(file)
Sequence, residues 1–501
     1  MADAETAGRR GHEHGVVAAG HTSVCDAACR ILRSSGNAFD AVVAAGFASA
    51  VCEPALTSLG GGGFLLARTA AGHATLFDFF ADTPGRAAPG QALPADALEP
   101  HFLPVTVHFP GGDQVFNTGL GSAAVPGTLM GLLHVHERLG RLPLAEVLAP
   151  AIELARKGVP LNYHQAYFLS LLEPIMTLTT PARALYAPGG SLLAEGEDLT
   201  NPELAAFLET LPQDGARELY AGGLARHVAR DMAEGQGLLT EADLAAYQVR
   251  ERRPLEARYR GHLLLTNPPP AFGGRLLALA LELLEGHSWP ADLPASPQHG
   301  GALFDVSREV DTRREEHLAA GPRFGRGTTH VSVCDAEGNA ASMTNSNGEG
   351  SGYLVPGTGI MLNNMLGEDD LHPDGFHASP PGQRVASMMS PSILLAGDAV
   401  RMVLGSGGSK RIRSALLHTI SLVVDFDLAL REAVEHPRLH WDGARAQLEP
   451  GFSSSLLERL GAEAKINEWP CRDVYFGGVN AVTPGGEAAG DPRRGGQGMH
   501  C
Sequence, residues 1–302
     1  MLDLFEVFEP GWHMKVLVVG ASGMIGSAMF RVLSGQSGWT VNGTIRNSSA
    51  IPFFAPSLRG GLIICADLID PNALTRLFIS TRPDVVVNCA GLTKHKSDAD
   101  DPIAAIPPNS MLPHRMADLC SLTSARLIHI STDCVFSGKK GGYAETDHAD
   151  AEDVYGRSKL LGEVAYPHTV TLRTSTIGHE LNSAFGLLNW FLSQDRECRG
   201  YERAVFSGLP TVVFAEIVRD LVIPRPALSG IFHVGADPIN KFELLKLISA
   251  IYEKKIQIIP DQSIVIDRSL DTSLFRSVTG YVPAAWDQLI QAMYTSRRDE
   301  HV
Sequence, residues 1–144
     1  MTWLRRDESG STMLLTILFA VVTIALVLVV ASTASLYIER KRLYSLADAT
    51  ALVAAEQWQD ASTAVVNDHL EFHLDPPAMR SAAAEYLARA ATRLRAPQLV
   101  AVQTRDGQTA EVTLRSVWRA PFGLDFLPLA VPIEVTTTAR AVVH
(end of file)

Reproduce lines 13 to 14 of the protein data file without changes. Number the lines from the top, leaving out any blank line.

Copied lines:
Sequence, residues 1–302
     1  MLDLFEVFEP GWHMKVLVVG ASGMIGSAMF RVLSGQSGWT VNGTIRNSSA